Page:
Council tax warning that 400,000 homes ‘in wrong band’ are overpaying thousands

Hundreds of thousands of homes across England and Scotland are thought to be in the wrong council tax band, meaning hard-up Britons could be overpaying while battling the cost-of-living crisis.

Some are paying five times as much council tax relative to their salary compared to residents in other local authorities, the TaxPayers’ Alliance (TPA) has revealed.

Locals in West Devon, the area with the highest burden, pay 10.85 per cent of their median gross pay in council tax.

This is compared to just 2.16 percent in Wandsworth, south London, where the strain is lowest.

Up to 400,000 homes are in the wrong council tax band according to Money Saving Expert.

On the website explained that “100,000s are in the wrong ban” due to “poor valuations in England and Scotland”.

There are two important steps to take when a person wants to challenge their council tax band.

It should be noted that if challenging a council tax band, the review could lead to a property being put in a higher band. 

Many homes are in the wrong council tax bands, and have been since 1991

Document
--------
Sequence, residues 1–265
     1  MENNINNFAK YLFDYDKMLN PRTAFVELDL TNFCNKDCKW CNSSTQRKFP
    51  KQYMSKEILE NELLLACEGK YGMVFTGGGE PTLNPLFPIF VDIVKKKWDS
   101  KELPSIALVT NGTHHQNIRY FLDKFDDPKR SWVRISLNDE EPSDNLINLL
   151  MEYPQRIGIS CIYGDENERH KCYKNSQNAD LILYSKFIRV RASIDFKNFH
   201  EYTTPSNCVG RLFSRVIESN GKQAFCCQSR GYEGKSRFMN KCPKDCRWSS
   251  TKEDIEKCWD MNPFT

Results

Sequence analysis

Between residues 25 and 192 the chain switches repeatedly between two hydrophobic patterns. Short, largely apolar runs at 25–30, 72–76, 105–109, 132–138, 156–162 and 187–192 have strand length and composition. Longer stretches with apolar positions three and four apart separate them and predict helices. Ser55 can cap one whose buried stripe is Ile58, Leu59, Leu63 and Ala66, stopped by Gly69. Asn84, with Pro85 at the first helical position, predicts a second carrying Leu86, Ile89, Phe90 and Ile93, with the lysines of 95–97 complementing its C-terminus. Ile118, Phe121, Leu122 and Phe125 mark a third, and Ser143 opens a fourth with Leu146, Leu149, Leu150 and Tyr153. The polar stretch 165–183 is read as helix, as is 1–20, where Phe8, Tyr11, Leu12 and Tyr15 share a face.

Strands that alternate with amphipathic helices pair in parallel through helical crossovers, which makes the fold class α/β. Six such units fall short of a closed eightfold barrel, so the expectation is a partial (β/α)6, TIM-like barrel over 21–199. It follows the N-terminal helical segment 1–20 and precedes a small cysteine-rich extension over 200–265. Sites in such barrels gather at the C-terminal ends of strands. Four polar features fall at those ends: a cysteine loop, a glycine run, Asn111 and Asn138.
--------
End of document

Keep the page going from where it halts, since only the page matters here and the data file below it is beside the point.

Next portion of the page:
People in England and Scotland could get a rebate as far back as when the council tax band system was set up, in 1993.

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Challenging your council tax band

1 People should first check with their neighbours to know if they are in higher or lower band than them.

This only works if their properties are similar. For example

  • Type, such as if it’s a terraced house, they should all be terraced
  • Size, e.g. number of bedrooms and total area
  • Age
  • Style and design

2 Next people need to estimate what their home was worth in 1991, as that’s when and how the council tax bands were defined.

Britons can use its price and date of sale to do this.

Once they have that information, they can use it to estimate what their property would’ve been worth back in 1991, and what band it’s in.

People can compare the sale prices to the prices the properties are valued at for council tax.

This list is available on the Government website.

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However, there are factors that can reduce one’s council tax band. 

The website gives the following examples:

  • If the property has changed – for example, it’s been demolished, split into multiple homes or merged into one
  • If the property’s use has changed – for example, part of it is now used for business.
  • If the local area has changed physically – for example, a new supermarket has been built

If someone gets their claim turned down, there are ways to appeal. 

If they are living in England or Wales then they can appeal against decisions at the Valuation Office Agency (VOA).

In Scotland, there is an extra step to go through – people appeal to the local assessor first, after which the dispute is referred to the VOA too.


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